Area high schoolers Lead the Way at STEM challenge
The morning of Friday, April 13, groups of students from six high schools gathered in the Linton-Stockton Junior High Gym for the Project Lead the Way Engineering Challenge.
According to Brian Oliver, students are challenged to use STEM and problem-solving skills to solve a problem given to each three-person group within strict constraints, with only materials provided and a mere hour-and-a-half timeframe for design and build. They were also challenged to compete with the other schools--Linton-Stockton, North Daviess, WRV, Bloomfield, South Knox and Northview--as testing was done afterward to determine who best met their parameters and solved their problems.
“It’s a great way for them to get out and use the skills they’ve learned from their engineering and industrial art classes,” said Oliver.
For example, Northview juniors Nick Thompson and Trey Tucker and freshman Wade Walker were given the “paper drop” problem. They were tasked with making a paper plate drop as slowly as possible, and as closely as possible from a balcony in the gym to a target on the floor.
Juniors Tyler Paul, Camden Ringo and Collier Frederick of Northview was given “helping hands”--they had to design a product that would place red solo cups and half-full water bottles into a basket without touching the basket.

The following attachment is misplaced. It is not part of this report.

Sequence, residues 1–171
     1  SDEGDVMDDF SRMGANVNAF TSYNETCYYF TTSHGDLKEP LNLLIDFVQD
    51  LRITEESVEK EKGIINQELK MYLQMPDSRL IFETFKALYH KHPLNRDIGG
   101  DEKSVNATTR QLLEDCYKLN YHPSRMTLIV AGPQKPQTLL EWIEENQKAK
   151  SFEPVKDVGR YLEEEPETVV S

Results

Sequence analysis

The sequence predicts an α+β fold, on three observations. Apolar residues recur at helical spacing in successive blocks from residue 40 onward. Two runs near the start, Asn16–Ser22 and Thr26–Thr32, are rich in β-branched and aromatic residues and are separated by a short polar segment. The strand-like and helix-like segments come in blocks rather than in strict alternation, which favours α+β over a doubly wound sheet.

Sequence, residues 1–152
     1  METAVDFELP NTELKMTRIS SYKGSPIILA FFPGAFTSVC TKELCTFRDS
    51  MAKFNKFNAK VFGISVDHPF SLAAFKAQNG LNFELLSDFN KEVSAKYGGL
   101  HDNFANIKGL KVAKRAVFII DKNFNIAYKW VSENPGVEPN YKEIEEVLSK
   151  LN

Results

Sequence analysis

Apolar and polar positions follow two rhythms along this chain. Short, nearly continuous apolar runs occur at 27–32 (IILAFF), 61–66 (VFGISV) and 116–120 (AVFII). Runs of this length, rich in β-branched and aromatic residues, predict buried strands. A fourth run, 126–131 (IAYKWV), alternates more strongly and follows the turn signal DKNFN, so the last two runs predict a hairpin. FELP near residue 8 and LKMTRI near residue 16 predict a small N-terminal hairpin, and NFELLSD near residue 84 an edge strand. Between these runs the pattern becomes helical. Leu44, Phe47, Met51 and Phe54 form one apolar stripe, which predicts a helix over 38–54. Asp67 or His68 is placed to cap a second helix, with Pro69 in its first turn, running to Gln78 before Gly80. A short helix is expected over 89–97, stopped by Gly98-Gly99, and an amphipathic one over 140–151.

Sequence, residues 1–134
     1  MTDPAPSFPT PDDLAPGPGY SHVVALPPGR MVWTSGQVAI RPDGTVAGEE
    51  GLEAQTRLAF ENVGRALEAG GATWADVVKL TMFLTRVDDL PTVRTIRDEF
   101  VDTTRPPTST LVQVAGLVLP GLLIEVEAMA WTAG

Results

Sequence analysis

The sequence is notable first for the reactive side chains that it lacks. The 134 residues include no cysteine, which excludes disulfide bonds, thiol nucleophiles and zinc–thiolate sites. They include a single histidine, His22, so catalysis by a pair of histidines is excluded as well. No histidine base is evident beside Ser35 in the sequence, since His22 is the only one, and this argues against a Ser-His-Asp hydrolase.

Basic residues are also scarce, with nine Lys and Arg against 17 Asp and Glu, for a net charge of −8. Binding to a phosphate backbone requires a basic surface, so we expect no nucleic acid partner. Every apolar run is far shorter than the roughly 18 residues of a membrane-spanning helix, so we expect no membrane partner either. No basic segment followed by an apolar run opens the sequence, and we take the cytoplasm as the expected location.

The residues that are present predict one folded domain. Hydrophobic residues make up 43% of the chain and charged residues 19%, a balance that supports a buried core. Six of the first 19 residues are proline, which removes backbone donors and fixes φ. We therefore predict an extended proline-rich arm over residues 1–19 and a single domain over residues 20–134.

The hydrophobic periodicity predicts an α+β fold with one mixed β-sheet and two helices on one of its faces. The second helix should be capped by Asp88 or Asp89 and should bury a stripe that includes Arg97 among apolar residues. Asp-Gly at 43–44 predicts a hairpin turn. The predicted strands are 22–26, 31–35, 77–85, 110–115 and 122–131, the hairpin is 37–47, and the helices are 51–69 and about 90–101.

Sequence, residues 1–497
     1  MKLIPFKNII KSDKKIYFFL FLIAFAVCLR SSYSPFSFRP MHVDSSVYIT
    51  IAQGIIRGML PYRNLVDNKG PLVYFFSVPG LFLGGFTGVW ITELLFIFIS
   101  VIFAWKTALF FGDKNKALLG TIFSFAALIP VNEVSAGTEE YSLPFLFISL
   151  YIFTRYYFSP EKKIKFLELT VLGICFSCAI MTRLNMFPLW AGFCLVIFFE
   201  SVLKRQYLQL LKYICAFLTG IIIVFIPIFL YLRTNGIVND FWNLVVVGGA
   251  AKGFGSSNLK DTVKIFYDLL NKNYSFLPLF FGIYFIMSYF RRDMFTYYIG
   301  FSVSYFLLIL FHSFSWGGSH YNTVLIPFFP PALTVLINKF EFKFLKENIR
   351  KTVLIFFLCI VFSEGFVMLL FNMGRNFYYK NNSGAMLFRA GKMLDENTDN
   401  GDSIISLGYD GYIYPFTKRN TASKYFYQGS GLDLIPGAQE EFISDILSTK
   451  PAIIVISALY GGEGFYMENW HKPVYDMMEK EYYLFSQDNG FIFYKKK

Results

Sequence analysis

A team of two sisters from South Knox, freshman Emily Blair and junior Faith Blair were tasked with popping a balloon in 10-11 seconds using a foam board.
Juniors Ashtynn Powell, Noah Ricketts and sophomore Morgan Green from Linton-Stockton were challenged to build a towner from straws as high as possible while still remaining strong enough to hold up a tennis ball for at least 30 seconds.
Boston Scientific has been funding and supporting the Challenge for the last eight years, and supplied most of the judges for this year. There was also a judge representing NSWC Crane.
Tim Church, New Product Development Quality at Boston Scientific, said the organization is more than happy to support the event because the students competing could become the next greatest minds in medical technology, not just for their potential benefit but for our society as a whole.
“We have a strong desire to promote STEM progress, so we’re willing to invest so the students can get a more hands-on experience,” said Church. “It’s a fun way for these guys to get out and think on their feet.”
Church also said that the event “gets the students thinking about what they want to do in the future, or how they can apply these skills to their job.”